I’ve worked as a VMware consultant for many years and managed numerous large-scale on-premise environments. One of the main issues that I faced on a daily basis was the inability to scale and grow fast. When we needed more compute resources, we had to wait between 3-8 weeks, sometimes even longer, to increase physical servers. During that waiting period our clusters began to suffer from performance issues. When we needed more storage space, even if it was temporarily, we had to purchase more storage arrays, installing and configuring everything from scratch. From the moment I had a need for more storage until the moment I finally got the datastore inside my cluster took a very long time.
Another big issue was the maintenance process. While we had a requirement to keep our infrastructure up-to-date in order to meet the application’s requirements, updating and patching became a difficult task to do. In our data center, we had many IT components and we were always worried about dependencies and compatibility with other components. Only after checking everything, we would start to update our vSphere environment, and because we had a very large environment, it took a lot of time to complete the update, and after it finished, we were notified that a new update had been released. Similarly, maintaining the DR sites were also very cumbersome.
Dreaming about moving to the cloud
My team and I always had known the advantages of a public cloud like AWS. We were looking for flexibility, the ability to add resources on a “pay-as-you-go” model and to have the hardware maintenance taken care of for us. However, with our large environment, we knew that migrating all of our applications and data to the cloud could take years to plan out and deploy.
We found a solution to all of our problems – VMware Cloud on AWS.
VMware Cloud on AWS takes the entire VMware software-defined data center to the AWS cloud by using bare-metal servers hosted by Amazon. VMware Cloud on AWS was ideal for our enterprise IT infrastructure and operations. It can suit organizations looking to migrate their on-premise vSphere-based workloads to the public cloud, extend their data center capacities, and optimize or modernize their disaster recovery solutions. Using VMware Cloud on AWS, we basically simplified our new Hybrid IT operations by using the same VMware Cloud Foundation technologies including vSphere, vSAN, NSX, and vCenter Server across our on-premise data centers and on the AWS Cloud without having to purchase any new or custom hardware, rewrite applications, or modify operating models.
With VMC on AWS, VMware is responsible for maintaining, upgrading and patching of the VMware components inside the SDDC. After using the Hybrid offering, I have become quite familiar with it and think it can be very helpful for organizations looking to utilize the benefits of the cloud.
Common Use Cases and Benefits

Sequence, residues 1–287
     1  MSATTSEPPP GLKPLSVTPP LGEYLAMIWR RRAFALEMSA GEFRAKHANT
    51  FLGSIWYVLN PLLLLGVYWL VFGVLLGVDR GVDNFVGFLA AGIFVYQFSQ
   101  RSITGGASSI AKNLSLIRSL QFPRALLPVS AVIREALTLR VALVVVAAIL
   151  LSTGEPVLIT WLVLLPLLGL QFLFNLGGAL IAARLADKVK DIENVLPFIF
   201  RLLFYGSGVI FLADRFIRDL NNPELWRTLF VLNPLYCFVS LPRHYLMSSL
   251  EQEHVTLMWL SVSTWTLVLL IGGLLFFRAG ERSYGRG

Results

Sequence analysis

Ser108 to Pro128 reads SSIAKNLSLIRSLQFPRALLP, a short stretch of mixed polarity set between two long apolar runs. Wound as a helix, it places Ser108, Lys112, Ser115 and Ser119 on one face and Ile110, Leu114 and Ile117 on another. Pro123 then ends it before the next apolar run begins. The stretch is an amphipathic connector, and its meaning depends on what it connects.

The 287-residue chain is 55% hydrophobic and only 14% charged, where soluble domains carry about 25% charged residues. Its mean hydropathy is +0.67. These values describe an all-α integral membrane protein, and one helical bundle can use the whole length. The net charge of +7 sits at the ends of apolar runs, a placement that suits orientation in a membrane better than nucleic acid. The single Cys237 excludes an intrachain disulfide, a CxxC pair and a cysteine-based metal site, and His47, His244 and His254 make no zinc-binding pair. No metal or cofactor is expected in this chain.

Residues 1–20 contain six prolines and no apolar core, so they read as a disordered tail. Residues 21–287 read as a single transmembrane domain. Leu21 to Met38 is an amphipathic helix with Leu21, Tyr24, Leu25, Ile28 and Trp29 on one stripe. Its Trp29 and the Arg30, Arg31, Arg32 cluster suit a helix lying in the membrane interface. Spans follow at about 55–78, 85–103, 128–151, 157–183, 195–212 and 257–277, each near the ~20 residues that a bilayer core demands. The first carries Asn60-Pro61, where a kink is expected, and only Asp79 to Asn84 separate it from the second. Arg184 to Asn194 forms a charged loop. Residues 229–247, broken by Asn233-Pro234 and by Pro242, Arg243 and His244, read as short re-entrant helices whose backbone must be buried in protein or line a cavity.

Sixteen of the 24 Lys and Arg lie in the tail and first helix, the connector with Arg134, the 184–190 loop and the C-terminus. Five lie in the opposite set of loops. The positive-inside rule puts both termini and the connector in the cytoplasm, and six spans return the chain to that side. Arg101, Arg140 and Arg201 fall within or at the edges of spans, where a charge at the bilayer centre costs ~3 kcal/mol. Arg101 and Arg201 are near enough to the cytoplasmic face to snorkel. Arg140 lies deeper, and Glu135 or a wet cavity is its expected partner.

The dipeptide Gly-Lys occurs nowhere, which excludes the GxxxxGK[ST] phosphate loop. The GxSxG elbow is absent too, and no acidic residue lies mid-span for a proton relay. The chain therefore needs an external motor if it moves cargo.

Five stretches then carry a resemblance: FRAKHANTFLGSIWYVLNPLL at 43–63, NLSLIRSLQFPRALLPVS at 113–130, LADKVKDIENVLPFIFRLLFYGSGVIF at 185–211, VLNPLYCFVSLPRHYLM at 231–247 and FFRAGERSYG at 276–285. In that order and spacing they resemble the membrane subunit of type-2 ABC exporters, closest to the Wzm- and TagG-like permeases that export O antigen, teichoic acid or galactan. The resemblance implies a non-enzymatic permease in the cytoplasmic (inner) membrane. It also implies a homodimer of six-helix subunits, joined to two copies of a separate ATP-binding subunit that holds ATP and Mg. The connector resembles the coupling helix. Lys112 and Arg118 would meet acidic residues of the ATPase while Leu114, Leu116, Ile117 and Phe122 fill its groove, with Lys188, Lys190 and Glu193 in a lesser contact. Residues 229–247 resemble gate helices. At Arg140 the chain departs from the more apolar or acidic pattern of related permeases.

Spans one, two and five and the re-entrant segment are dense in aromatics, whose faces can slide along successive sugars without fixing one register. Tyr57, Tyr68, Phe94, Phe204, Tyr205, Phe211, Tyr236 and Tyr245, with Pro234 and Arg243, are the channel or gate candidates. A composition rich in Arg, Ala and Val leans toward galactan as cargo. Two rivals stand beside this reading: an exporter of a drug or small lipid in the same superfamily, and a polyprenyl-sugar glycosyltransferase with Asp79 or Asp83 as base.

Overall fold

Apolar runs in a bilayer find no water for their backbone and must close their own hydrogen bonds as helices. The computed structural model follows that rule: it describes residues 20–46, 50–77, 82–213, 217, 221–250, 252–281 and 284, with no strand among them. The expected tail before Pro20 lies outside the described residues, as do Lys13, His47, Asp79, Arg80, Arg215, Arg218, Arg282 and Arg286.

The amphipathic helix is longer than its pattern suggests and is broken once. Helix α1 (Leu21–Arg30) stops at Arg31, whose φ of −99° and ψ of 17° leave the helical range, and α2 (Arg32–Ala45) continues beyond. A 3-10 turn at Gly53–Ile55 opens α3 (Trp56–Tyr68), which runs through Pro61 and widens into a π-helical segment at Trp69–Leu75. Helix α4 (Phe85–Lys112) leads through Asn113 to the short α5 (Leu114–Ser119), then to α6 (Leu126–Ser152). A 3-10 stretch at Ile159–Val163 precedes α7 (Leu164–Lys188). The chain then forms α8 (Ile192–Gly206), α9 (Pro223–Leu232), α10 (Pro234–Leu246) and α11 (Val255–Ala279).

VMware Cloud on AWS can be used as an extension to an existing on-premise environment. If you are running out of resources in your local data center, deploy a new cluster on AWS! If you need another host, 12 minutes on average and you have one. And if you have a hardware failure, the host will be replaced automatically with a new host. There is also an optional feature called “EDRS” that automatically scales your vSphere Cluster based on utilization.
There is now no need to worry about scalability or data center redundancy (n+1…) anymore. Using VMware Cloud on AWS, you can also implement a hybrid architecture with a feature called “Hybrid Linked Mode”, providing a single pane of glass for management of both on-premise and cloud environments for the same vSphere client. There is also the ability to do a live migration (vMotion) of VMs from on-premise to the cloud and back with no downtime. It can also be used as a DR site. VMware offers a DRaaS solution with SRM and vSphere Replication.
In my opinion, the best part of the solution is its integration with native AWS services. Customers can leverage services like S3 (object-based storage) to store templates, iSO files (it can be used as a VMware Content Library as well) or for backup purposes, using Elastic file system solutions for VMs (EFS for Linux and FSx for Windows). There is also the option to use managed services like AWS load balancing tools or AWS RDS for database purposes.
As I mentioned earlier, VMware Cloud on AWS is a completely managed service and VMware takes care of the maintenance. They also provide 24/7 live chat with their support engineers. This way the VMware team in your organization will be able to focus on more important work like architecture and automation.
VMware Cloud on AWS can help VMware customers get up and running on the cloud quickly and without much effort. From experience, I believe this should be the preferred path for VMware users who want to start trialing cloud services or exploring the innovative world that AWS has to offer.